Brazilian artist Cinthia Marcelle’s work —in the form of performances, videos, and installations—captures the seemingly absurd theatrics of the everyday. Set in various deserted urban landscapes, Marcelle’s idiosyncratic pieces merge the political and poetic in unexpected ways. In her performance series Unus Mundus (2004–2005), she orchestrated collective coincidences characterized by singular behaviour patterns occurring simultaneously: seven similarly dressed couples kissing or eight identical white vans driving around a square, for example. In Confront [Confronto] (2005), from the same series, eight fire jugglers form a line of flames at a crossing of a busy intersection—this choreography playfully visualizes the power plays that unfold in urban situations where the political dimension of daily life finds its vocabulary through poetic gestures. Marcelle’s practice focuses on bringing the marginalized to the centre and generating insight about what it means to be living in the world. She shows improbable scenarios on a micro level that allude to the larger scheme of things which impact our lives on different scales.
Outside of her solo practice, Marcelle frequently collaborates with filmmaker Tiago Mata Machado to produce work that is inspired by the chaos and polarity at the intersection of politics and society. Employing a lyrical and formalistic language, as demonstrated in Black Hole (2011), they tackle the difficulties in portraying the abstract friction rife in human behaviour by translating it into a sensual interplay of breathing and shape shifting, sound and image.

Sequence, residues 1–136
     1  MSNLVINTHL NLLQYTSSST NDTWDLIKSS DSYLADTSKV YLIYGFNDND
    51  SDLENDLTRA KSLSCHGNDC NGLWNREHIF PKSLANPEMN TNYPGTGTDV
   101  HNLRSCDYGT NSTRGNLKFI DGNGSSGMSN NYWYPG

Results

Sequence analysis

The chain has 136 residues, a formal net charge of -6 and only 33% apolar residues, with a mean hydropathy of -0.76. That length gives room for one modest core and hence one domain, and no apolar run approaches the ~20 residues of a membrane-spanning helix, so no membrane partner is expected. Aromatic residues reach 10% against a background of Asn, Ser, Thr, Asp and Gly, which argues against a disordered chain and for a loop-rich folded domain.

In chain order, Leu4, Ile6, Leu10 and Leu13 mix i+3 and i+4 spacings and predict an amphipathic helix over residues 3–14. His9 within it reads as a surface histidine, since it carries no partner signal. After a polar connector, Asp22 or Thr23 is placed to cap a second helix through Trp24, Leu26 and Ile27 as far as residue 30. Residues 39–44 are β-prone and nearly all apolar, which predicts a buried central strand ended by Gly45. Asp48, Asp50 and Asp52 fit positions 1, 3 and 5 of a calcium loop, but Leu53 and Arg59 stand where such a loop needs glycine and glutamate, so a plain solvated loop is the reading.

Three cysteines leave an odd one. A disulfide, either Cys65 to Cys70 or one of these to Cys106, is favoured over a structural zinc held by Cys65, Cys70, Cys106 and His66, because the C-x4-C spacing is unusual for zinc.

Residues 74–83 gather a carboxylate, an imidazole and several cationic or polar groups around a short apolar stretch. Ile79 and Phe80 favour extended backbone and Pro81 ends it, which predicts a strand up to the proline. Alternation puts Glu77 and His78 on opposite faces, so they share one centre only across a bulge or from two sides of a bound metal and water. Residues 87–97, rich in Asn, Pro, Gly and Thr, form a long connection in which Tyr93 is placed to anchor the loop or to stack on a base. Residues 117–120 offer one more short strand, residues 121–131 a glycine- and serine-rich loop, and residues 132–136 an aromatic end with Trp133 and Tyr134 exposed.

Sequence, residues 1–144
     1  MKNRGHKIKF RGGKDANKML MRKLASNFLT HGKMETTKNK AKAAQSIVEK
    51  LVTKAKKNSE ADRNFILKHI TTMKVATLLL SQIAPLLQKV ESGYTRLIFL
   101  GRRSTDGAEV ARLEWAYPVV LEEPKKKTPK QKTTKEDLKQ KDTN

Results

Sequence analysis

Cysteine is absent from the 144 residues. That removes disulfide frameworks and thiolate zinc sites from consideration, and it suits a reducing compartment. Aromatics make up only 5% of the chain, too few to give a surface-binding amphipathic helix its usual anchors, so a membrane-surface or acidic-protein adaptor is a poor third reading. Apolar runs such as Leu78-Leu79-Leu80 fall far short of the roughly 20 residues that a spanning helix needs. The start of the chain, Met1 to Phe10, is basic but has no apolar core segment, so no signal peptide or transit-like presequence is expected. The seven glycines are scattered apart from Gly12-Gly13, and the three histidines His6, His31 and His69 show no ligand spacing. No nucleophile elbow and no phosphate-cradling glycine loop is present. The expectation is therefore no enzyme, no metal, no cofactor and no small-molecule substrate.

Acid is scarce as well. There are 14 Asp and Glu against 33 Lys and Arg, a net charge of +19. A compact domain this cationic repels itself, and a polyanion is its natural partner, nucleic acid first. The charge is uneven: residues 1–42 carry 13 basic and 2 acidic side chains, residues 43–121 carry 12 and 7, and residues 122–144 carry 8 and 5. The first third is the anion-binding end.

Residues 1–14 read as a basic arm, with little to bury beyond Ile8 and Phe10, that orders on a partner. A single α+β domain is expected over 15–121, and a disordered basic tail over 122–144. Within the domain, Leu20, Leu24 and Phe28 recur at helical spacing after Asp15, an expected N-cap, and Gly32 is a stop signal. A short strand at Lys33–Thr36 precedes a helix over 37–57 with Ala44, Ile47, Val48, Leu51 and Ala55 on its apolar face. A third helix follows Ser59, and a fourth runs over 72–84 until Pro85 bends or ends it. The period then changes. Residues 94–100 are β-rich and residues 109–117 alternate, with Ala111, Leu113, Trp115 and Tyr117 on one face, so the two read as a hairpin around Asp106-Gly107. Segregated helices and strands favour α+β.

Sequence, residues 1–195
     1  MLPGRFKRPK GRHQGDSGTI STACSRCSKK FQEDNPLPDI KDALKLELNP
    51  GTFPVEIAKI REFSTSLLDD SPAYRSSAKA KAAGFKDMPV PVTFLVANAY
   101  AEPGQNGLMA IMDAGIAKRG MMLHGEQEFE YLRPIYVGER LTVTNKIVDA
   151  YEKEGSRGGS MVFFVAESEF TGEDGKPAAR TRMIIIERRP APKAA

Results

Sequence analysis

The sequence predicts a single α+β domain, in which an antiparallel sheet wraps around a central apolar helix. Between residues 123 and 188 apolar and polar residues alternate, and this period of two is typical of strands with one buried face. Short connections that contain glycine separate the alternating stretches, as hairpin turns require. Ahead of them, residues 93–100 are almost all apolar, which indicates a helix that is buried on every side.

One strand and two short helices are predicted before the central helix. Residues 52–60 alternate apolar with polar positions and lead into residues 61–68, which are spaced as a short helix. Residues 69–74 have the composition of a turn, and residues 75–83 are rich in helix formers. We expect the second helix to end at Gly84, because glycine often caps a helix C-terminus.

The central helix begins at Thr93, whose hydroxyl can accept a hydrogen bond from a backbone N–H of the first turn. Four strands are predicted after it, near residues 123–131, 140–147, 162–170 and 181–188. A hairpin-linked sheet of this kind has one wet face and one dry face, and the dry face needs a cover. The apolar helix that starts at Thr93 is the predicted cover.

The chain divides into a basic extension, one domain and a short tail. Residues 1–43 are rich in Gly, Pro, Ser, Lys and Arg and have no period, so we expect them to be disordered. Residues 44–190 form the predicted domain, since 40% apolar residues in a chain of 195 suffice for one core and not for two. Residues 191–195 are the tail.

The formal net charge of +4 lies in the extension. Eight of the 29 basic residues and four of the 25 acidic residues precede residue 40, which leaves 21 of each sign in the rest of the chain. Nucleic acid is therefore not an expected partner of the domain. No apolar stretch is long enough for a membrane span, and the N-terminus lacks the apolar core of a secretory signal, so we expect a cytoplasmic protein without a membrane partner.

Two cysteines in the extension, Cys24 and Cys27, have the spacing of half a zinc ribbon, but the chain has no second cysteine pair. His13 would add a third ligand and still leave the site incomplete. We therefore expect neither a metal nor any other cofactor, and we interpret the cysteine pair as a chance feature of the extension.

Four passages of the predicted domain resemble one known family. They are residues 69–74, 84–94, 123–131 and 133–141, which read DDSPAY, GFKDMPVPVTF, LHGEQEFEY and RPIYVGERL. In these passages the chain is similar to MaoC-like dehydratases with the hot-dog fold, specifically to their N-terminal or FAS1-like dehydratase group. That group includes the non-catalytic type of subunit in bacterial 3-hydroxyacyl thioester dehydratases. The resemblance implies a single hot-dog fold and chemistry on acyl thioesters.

Presented at the 13th Istanbul Biennial is their latest collaboration, The Century (2011), which offers a poignant interpretation of history. The film begins with a black screen, with foreboding sounds of running footsteps, and after a thud, the visual plane opens to a sequence of objects, including helmets, oil barrels, sticks, metal rods, and wooden crates, catapulted from the right side of the frame and accompanied by a cacophony of crashes in an abandoned neighbourhood. The previously desolate and nondescript street becomes a tableau of accumulated objects, dust, and smoke. Like an imperfect mirror image, the same items are launched from the opposite side of the frame, referring to the political division of ‘left’ and ‘right’. The unknown conflict—erased of any human presence and radically downsized—is evidenced by the leftovers of the clash. The work offers no solution to what appears to be an eternal loop of struggle, suggesting the need to imagine new political strategies to break the impasse of democracy.